On Fri, 17 Mar 2000, Chris Doss wrote:
> Allemanni would be the form of "Alle Maenner" in the German (presumably Low
> German) dialect of the region at the time, I presume. From what I know of
> German history of the period (not a whole lot), it was actually a
> confederation of tribes, hence the "all men" designation.
If I remember my Gibbons correctly, the same is true of the Franks: they were originally a confederation of german tribes. "Frank" supposedly refered to the truth or loyalty of their mutual oath (although Scott Martens' warning is well taken, especially back in these primeval forests). I'm under the impression that during this period there was more difference between local tribes than there was between the French or Germans (or Saxons) as peoples or as languages.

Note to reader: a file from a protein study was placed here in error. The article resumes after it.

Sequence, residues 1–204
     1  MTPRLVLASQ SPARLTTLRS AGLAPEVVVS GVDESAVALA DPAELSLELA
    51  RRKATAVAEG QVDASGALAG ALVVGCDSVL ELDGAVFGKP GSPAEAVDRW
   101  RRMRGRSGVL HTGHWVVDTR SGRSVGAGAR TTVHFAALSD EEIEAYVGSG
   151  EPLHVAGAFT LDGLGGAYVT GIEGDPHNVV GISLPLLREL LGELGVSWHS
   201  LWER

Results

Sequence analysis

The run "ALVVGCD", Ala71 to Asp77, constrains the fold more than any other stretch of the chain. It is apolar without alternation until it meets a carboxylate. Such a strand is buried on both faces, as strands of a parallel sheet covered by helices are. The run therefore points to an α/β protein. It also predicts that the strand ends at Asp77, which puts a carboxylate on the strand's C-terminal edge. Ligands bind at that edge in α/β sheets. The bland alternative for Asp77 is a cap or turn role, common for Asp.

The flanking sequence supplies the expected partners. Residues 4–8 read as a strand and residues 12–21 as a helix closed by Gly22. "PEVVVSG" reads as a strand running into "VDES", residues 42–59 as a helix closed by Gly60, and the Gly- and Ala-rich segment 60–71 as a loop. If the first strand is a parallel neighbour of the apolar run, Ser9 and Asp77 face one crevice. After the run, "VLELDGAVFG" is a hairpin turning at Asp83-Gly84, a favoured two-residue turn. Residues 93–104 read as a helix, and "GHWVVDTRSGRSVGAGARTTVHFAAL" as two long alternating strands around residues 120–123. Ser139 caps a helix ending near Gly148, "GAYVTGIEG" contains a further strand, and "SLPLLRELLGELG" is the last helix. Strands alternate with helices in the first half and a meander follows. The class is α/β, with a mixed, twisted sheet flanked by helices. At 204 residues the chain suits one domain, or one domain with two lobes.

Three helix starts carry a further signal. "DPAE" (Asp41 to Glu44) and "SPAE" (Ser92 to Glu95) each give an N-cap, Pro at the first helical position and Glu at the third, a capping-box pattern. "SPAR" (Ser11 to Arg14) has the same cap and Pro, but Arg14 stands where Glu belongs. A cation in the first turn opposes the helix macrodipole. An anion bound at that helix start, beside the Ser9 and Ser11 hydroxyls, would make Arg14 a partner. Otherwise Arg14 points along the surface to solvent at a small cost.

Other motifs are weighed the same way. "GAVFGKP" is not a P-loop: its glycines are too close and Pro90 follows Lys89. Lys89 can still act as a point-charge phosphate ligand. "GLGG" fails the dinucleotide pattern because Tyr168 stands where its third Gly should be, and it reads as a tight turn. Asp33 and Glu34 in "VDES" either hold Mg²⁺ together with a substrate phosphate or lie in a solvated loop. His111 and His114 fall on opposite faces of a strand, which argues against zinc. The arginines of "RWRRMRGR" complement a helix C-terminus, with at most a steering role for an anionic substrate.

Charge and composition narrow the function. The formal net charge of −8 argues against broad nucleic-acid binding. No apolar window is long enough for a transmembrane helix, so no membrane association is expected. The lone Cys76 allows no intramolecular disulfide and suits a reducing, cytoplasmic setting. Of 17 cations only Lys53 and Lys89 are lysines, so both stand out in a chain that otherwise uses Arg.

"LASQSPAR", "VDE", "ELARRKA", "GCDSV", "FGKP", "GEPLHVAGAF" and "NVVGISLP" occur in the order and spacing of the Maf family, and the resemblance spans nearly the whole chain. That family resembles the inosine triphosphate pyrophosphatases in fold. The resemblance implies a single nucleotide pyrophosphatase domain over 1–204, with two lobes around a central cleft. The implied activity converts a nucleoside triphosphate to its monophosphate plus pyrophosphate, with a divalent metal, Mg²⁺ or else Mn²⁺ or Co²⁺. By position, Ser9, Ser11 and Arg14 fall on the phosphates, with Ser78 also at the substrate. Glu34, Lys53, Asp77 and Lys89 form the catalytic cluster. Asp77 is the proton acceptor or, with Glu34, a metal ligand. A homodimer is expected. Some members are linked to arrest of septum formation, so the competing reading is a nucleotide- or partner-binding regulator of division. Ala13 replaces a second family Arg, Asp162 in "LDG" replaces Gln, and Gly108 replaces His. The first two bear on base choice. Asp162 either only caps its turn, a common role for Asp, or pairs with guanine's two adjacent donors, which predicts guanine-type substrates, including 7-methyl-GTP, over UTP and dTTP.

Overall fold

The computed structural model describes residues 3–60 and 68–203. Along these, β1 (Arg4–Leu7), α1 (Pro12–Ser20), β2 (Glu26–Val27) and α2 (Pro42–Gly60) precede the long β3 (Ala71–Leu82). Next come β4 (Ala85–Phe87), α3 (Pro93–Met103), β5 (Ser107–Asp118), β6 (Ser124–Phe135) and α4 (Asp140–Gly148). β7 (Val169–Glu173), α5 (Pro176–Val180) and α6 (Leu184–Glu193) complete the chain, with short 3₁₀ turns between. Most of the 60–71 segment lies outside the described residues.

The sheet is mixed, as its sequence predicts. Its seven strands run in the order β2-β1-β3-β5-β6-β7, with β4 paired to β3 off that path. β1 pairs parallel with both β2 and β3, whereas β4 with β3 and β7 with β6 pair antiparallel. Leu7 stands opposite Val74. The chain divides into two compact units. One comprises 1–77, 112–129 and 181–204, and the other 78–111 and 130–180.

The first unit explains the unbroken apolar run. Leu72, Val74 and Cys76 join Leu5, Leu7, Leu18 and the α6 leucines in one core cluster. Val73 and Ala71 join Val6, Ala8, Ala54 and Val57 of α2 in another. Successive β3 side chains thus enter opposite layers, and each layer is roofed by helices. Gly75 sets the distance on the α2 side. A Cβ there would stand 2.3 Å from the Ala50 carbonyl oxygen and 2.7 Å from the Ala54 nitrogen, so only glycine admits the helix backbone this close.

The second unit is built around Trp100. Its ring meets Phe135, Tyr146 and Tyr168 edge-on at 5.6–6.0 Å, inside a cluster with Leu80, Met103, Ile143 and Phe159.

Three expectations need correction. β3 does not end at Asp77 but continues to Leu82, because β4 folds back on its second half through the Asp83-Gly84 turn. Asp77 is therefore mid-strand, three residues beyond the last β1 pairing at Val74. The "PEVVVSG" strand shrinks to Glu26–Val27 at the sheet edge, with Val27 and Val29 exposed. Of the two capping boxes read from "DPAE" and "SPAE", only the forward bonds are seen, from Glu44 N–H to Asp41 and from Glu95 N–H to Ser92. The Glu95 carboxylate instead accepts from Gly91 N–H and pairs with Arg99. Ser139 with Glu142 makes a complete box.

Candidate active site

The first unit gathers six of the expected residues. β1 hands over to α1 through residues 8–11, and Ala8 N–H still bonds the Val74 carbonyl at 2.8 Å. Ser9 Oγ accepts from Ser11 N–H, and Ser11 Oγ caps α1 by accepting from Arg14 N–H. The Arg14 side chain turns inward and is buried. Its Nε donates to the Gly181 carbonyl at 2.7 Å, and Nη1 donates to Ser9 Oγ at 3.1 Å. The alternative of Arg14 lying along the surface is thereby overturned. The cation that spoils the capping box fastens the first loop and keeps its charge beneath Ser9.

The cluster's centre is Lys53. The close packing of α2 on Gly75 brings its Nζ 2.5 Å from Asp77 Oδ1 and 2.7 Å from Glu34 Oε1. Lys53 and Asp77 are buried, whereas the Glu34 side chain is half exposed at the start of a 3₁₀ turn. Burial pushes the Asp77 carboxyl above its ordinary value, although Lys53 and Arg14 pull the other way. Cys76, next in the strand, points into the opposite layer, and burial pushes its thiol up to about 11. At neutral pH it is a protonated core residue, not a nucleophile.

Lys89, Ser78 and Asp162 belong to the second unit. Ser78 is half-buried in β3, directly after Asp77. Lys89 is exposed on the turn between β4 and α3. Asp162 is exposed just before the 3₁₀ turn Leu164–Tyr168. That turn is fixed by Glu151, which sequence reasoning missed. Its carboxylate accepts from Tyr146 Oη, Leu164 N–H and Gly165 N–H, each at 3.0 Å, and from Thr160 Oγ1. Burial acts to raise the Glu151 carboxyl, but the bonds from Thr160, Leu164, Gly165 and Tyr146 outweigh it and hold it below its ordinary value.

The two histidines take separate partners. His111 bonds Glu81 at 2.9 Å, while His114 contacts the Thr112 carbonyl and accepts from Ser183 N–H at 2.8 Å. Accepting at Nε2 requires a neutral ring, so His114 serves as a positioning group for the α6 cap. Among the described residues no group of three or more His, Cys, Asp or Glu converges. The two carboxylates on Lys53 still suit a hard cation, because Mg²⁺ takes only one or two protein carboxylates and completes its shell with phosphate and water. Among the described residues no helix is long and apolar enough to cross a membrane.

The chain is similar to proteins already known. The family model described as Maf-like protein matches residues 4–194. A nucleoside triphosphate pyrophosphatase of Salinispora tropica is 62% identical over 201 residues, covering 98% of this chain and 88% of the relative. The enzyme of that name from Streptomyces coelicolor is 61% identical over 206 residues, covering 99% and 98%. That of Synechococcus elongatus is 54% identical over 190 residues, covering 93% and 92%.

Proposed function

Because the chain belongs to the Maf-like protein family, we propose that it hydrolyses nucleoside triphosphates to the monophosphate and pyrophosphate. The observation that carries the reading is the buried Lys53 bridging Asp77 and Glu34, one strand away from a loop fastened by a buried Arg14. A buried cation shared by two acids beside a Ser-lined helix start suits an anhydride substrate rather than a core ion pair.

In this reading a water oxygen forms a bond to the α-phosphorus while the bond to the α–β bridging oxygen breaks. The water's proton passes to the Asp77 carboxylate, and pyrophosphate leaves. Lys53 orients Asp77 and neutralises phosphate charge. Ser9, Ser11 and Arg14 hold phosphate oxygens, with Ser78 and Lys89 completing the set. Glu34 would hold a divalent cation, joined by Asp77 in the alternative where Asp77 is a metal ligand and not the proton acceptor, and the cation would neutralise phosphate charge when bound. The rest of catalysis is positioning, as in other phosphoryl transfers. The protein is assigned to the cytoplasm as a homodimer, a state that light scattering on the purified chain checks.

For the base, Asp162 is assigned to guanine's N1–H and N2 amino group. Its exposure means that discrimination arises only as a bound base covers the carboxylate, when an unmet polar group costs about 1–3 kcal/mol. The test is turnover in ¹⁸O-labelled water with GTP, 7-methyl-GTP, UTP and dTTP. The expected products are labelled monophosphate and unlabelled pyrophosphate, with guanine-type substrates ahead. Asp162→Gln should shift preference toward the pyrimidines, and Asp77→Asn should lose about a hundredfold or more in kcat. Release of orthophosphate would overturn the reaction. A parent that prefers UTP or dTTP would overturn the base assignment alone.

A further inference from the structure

And while we're on about non-native names, what about "German," which has nothing to do with the native language in any form? Buncha Roman imperalists. . . .
__________________________________________________________________________ Michael Pollak................New York City..............mpollak at panix.com